SIMMONS: Oh, my drop-out list is long. I think about it so much, because there's a kind of last-man-standing feeling. The thing I wondered about so much as a young artist, particularly when things weren't going well and I was really struggling, was, "Will I know when to give up? Will I know when I've suffered enough rejection? Will I know when to get out?" But from my vantage now, I think it's kind of what you have to do, why would you ever stop?

HETI: The thing I worry about is, what happens when your talent flees? Because you see that with writers sometimes, they start writing these awful books. And there's something sort of horrifying about it.

SIMMONS: I think it might go away for a while, but then I really believe it could come back. It's a series of peaks and valleys, like anything else.

HETI: In your marriage, do you have a feeling of being soul mates on an artistic level?

SIMMONS: Yes.

HETI: How does it work?

SIMMONS: It works really well. Our so-called "pillow talk" is so much about what we do. Not the specifics of how we make our work or what happened in the studio today as much as what it's like to move your work from your mind to the studio to the world and, like, what exactly are we doing being artists in the 21st century?

HETI: What do you think is the main thing about being an artist in the 21st century?

SIMMONS: Well, I teach a graduate photo seminar at Yale, and I sometimes feel so overwhelmed by the task the students set before themselves to be artists, because—it seems so quaint, but when I picked up a camera with a group of other women, I'm not gonna say it was a radical act, but we were certainly doing it in some sort of defiance of, or reaction to, a male-dominated world of painting. This was before the internet, before photographs on Instagram and online in magazines and newspapers. It's just, how do you proceed? How do you find a place for yourself as an artist? The visual world has blown up, the world of writing has blown up; there's so much text online. Anyone and everyone can express themselves. It's a lot to think about as an artist. Also, that the persona of the artist might actually be of some importance. When I came of age, it was important to be quiet and hang back and be mysterious. I knew artists who didn't even want to show up at their own openings. They never wanted to have their picture taken, didn't want to autograph a book, didn't want to answer a question. I came of age in a world where it was "Let the work speak for itself."

HETI: When I was a teenager, I would read Dostoyevsky or I would read Tolstoy, and I'd never read an interview with Dostoyevsky. I had seen, maybe, a line drawing of his face, which made no impression on me. That's the world I thought I would grow up into as a writer. And it's not at all like that anymore. If somebody asks me to do an interview, part of me says yes in my mind and part of me says no, because I still have that romantic idea of the artist as somebody who you know through their work and that's it. Warhol is who I think of when I think of someone who really used the persona of the artist in an interesting way.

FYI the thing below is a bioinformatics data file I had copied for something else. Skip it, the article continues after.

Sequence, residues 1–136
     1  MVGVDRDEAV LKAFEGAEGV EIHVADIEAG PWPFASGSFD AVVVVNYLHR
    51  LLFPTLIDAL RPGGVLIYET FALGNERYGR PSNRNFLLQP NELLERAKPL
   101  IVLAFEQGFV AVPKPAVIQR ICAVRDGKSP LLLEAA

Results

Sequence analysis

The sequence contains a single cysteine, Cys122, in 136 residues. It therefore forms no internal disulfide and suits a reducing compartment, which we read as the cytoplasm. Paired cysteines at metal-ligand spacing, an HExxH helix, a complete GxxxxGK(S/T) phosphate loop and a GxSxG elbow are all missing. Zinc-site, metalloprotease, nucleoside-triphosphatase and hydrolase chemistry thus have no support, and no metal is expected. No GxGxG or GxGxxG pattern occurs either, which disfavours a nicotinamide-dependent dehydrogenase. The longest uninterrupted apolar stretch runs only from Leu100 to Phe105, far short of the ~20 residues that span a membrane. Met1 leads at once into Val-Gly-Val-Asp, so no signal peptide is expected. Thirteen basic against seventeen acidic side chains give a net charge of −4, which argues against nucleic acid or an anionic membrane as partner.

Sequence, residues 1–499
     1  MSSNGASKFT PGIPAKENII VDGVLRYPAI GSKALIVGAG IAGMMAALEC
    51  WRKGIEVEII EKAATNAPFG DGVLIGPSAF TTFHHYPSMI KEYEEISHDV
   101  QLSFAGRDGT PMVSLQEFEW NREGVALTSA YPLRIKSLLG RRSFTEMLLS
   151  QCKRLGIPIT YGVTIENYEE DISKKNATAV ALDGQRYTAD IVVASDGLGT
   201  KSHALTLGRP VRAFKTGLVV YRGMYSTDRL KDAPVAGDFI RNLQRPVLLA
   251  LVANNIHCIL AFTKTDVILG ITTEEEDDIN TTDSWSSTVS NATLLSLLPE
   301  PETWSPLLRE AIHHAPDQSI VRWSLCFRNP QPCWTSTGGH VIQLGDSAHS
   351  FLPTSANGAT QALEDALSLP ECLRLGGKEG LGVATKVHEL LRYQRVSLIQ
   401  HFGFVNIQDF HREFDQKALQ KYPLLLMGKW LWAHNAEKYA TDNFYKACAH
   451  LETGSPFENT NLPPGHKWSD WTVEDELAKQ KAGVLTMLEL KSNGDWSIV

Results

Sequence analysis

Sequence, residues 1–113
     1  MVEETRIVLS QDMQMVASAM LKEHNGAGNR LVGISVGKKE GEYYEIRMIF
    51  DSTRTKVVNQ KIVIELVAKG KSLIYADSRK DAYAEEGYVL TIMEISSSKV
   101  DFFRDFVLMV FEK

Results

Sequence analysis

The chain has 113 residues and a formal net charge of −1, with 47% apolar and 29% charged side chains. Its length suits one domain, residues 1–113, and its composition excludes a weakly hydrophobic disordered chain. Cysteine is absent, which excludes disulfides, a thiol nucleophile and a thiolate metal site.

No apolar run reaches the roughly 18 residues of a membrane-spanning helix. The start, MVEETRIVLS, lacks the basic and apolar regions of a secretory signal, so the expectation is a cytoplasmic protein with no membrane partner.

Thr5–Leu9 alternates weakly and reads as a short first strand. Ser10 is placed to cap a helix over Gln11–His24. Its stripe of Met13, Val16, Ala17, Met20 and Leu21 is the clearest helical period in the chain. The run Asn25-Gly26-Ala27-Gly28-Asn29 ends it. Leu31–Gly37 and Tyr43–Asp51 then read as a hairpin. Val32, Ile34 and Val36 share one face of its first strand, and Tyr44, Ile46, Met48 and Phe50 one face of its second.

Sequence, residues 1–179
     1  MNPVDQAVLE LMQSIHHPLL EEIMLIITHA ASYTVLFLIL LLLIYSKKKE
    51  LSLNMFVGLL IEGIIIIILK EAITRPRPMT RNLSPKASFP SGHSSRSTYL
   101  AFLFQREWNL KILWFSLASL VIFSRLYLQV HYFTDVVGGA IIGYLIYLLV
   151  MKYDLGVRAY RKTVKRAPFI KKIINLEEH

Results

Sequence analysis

SIMMONS: It's hard to remember, but when I first came to New York, in the '70s, artists were certainly divided about the Warhol persona, and about the work. I thought it was utterly cool—I thought the Factory was utterly glamorous—but there were a lot of artists I really admired and respected who were older that kind of dismissed it, couldn't get it, and felt that there was a lack of seriousness about it. Hard to imagine now.

HETI: Can you tell me about your latest work?

SIMMONS: It's inspired by these people called "dollers." They perform kigurumi—it comes from Japan, but it's a worldwide thing. They walk around in doll costumes publicly.

HETI: How do you cast the photos?

SIMMONS: I use people that are close to me, like a studio assistant or a friend, someone I know who's going to really enjoy it. It's important to me to have men inside there, too, because so many dollers are men. It's putting me into a pretty odd headspace, the shooting, because I understand the motivation  of these dollers to dress up. There's a way that you start to prefer the reality of that world to your own world. It's so much more beautiful. And the characters become really real to me, like, scarily real, so that when my studio assistant takes her mask off, I'm really disappointed that Danielle is no longer her character.

HETI: It's such a great metaphor. Because in real life, with the people one knows—there's the person you see and have access to, and then there's the private person inside that person. These dolls are the same thing. There's a person inside the person.

SIMMONS: I feel like I've finally got to this place that I really want to be. The place where, in my fantasy, the characters just get up and walk around—this interstitial place between humans and dolls. But I also feel like, where am I supposed to go from here? Because this feels like the place I've always wanted to be, for my whole life of shooting.


SHEILA HETI, A TORONTO-BASED WRITER, IS THE AUTHOR OF FIVE BOOKS. 

 

The first scene in Girls always cracks me up because Lena was never cut off that way, but my parents cut me off. I was the no-more-money girl. I think Lena probably borrowed heavily from my ‘real girl' struggles as a young artist in New York.—Laurie Simmons

Comments

SIGN IN TO ADD COMMENT

Add a Comment

Be the first to add a comment.

Page
1 / 2

Back to top